7 RSA Cryptosystem Setup: n = pq, with p and q primes e relatively prime to f(n) = (p - 1) (q - 1) d inverse of e in Z f(n) Keys: Public key: K E = (n, e) Private key: K D = d Encryption: Plaintext M in Z n C = M e mod n Decryption: M = C d mod n Setup: p = 7, q = 17 n = 7 17 = 119 f(n) = 6 16 = 96 e = 5 d = 77 Keys: public key: (119, 5) private key: 77 Encryption: M = 19 C = 19 5 mod 119 = 66 Decryption: C = mod 119 = 19 3/13/2012 Cryptography 13 Correctness We show the correctness of the RSA cryptosystem for the case when the plaintext M does not divide n Namely, we show that (M e ) d mod n = M Since ed mod f(n) = 1, there is an integer k such that ed = kf(n) + 1 Since M does not divide n, by Euler s theorem we have M f(n) mod n = 1 Thus, we obtain (M e ) d mod n = M ed mod n = M kf(n) + 1 mod n = MM kf(n) mod n = M (M f(n) ) k mod n = M (M f(n) mod n) k mod n = M (1) k mod n = M mod n = M Proof of correctness can be extended to the case when the plaintext M divides n 3/13/2012 Cryptography 14 Symmetric Cryptography 7

8 Complete RSA Example Setup: p = 5, q = 11 n = 5 11 = 55 f(n) = 4 10 = 40 e = 3 d = 27 (3 27 = 81 = ) Encryption C = M 3 mod 55 Decryption M = C 27 mod 55 M C M C M C /13/2012 Cryptography 15 Security of RSA based on difficulty of factoring Widely believed Best known algorithm takes exponential time RSA Security factoring challenge (discontinued) In 1999, 512-bit challenge factored in 4 months using 35.7 CPU-years MHz SGI and Sun MHz SGI Origin MHz Pentium II MHz Digital/Compaq Security In 2005, a team of researchers factored the RSA-640 challenge number using GHz CPU years In 2004, the prize for factoring RSA was \$200,000 Current practice is 2,048-bit keys Estimated resources needed to factor a number within one year Length (bits) 3/13/2012 Cryptography 16 PCs Memory MB ,000 4GB 1, GB 1, TB Symmetric Cryptography 8

9 Algorithmic Issues The implementation of the RSA cryptosystem requires various algorithms Overall Representation of integers of arbitrarily large size and arithmetic operations on them Encryption Modular exponentiation Decryption Modular exponentiation Setup Generation of random numbers with a given number of bits (to generate candidates p and q) Primality testing (to check that candidates p and q are prime) Computation of the GCD (to verify that e and f(n) are relatively prime) Computation of the multiplicative inverse (to compute d from e) 3/13/2012 Cryptography 17 Computing Modular Exponentiation: Efficient Algorithm The repeated squaring algorithm speeds up the computation of a modular power a p mod n Write the exponent p in binary p = p b - 1 p b - 2 p 1 p 0 Start with Q 1 = a p b - 1 mod n Repeatedly compute Q i = ((Q i - 1 ) 2 mod n)a p b - i mod n We obtain Q b = a p mod n The repeated squaring algorithm performs O (log p) arithmetic operations 3 18 mod 19 (18 = 10010) Q 1 = 3 1 mod 19 = 3 Q 2 = (3 2 mod 19)3 0 mod 19 = 9 Q 3 = (9 2 mod 19)3 0 mod 19 = 81 mod 19 = 5 Q 4 = (5 2 mod 19)3 1 mod 19 = (25 mod 19)3 mod 19 = 18 mod 19 = 18 Q 5 = (18 2 mod 19)3 0 mod 19 = (324 mod 19) mod 19 = mod 19 = 1 p 5 - i p 5 - i Q i /13/2012 Cryptography 18 Symmetric Cryptography 9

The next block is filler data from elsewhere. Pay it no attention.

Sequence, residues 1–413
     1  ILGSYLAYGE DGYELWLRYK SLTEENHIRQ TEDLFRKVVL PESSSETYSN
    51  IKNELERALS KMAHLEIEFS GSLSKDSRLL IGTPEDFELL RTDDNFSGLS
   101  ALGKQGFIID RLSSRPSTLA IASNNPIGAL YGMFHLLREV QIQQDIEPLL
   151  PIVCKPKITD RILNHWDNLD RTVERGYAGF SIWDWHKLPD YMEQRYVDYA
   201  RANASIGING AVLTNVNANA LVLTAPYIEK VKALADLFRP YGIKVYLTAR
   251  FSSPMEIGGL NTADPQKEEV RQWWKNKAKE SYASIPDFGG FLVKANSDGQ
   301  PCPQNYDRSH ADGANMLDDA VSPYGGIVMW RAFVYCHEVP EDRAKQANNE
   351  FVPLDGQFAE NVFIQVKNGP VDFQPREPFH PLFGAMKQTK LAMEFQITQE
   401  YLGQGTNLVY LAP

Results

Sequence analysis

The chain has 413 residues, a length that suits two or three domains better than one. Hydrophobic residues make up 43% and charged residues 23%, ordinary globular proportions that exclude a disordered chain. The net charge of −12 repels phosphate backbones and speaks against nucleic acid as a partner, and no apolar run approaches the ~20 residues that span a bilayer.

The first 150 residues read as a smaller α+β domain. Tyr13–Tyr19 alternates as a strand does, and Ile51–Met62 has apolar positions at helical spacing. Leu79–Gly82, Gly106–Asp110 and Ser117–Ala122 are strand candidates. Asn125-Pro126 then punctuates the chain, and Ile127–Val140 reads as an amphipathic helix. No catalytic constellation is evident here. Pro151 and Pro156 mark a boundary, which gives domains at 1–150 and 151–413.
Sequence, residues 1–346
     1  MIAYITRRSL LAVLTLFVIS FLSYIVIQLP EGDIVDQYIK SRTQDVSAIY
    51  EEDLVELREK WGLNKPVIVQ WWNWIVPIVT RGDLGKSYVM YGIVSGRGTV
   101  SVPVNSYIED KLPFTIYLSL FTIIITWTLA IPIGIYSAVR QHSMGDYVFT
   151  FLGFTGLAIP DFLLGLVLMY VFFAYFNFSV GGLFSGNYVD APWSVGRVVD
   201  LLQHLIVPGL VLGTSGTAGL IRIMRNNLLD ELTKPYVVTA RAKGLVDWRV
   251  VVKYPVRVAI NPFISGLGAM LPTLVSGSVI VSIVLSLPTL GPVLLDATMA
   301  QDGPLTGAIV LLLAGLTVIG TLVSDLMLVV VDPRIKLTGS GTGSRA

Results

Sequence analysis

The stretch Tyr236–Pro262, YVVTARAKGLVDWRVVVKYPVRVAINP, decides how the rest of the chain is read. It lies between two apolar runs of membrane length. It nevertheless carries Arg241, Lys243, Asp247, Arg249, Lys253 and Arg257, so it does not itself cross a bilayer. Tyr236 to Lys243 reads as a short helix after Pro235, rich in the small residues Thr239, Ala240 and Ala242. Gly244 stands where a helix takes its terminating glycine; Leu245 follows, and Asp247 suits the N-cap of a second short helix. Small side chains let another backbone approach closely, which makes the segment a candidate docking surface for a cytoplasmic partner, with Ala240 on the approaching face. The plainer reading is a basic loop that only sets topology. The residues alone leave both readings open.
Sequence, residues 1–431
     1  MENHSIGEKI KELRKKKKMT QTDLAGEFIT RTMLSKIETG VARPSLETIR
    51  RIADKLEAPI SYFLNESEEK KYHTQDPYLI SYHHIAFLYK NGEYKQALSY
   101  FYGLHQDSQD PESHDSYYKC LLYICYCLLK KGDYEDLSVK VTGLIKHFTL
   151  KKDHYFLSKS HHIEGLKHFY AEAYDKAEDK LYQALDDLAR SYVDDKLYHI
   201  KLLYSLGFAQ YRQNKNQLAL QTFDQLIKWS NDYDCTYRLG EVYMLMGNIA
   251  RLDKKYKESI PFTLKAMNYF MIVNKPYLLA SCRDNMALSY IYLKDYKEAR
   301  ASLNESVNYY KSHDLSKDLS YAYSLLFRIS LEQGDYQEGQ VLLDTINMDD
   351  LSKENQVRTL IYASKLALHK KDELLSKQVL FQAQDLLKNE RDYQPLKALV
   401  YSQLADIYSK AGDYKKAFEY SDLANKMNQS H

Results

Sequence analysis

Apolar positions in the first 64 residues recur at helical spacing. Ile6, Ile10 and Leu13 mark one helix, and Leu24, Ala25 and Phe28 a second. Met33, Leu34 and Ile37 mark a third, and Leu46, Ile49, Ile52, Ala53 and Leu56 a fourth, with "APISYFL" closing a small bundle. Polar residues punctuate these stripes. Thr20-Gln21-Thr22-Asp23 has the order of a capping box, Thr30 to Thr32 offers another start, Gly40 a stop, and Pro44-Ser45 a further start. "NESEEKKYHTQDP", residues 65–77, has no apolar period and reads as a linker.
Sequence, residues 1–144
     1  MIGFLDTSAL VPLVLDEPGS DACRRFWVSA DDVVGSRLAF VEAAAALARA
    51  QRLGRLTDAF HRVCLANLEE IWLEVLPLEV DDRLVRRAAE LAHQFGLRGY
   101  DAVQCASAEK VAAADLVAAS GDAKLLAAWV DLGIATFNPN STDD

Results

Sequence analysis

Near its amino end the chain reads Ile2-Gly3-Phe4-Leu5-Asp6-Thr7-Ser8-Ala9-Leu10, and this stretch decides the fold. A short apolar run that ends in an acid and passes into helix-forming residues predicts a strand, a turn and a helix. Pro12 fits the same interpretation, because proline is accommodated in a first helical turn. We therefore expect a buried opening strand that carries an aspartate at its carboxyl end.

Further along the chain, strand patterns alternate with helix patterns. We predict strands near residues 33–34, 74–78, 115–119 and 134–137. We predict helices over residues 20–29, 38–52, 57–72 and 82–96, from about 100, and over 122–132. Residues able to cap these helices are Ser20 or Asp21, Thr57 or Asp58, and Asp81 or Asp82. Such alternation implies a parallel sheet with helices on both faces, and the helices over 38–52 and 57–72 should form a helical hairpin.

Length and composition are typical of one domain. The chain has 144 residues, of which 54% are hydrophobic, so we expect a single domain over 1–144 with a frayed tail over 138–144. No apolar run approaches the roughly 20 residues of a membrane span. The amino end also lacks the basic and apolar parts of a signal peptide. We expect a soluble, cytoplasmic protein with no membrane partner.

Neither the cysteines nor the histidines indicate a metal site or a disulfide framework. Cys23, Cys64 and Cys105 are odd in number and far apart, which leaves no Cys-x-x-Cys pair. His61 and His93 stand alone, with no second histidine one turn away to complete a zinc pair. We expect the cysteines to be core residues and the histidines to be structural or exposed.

10 Modular Inverse Theorem Given positive integers a and b, let d be the smallest positive integer such that d = ia + jb for some integers i and j. We have d = gcd(a,b) a = 21 b = 15 d = 3 i = 3, j = -4 3 = (-4) 15 = = 3 Given positive integers a and b, the extended Euclid s algorithm computes a triplet (d,i,j) such that d = gcd(a,b) d = ia + jb To test the existence of and compute the inverse of x Z n, we execute the extended Euclid s algorithm on the input pair (x,n) Let (d,i,j) be the triplet returned d = ix + jn Case 1: d = 1 i is the inverse of x in Z n Case 2: d > 1 x has no inverse in Z n 3/13/2012 Cryptography 19 Pseudoprimality Testing The number of primes less than or equal to n is about n / ln n Thus, we expect to find a prime among O(b) randomly generated numbers with b bits each Testing whether a number is prime (primality testing) is a difficult problem, though polynomial-time algorithms exist An integer n 2 is said to be a base-x pseudoprime if x n - 1 mod n = 1 (Fermat s little theorem) Composite base-x pseudoprimes are rare: A random 100-bit integer is a composite base-2 pseudoprime with probability less than The smallest composite base-2 pseudoprime is 341 Base-x pseudoprimality testing for an integer n: Check whether x n - 1 mod n = 1 Can be performed efficiently with the repeated squaring algorithm 3/13/2012 Cryptography 20 Symmetric Cryptography 10

11 Randomized Primality Testing Compositeness witness function witness(x, n) with error probability q for a random variable x Case 1: n is prime witness(x, n) = false always Case 2: n is composite witness(x, n) = true in most cases, false with small probability q < 1 Algorithm RandPrimeTest tests whether n is prime by repeatedly evaluating witness(x, n) A variation of base- x pseudoprimality provides a suitable compositeness witness function for randomized primality testing (Rabin-Miller algorithm) Algorithm RandPrimeTest(n, k) Input integer n,confidence parameter k and composite witness function witness(x,n) with error probability q Output an indication of whether n is composite or prime with probability 2 -k t k/log 2 (1/q) for i 1 to t x random() if witness(x, n) = true return n is composite return n is prime 3/13/2012 Cryptography 21 Symmetric Cryptography 11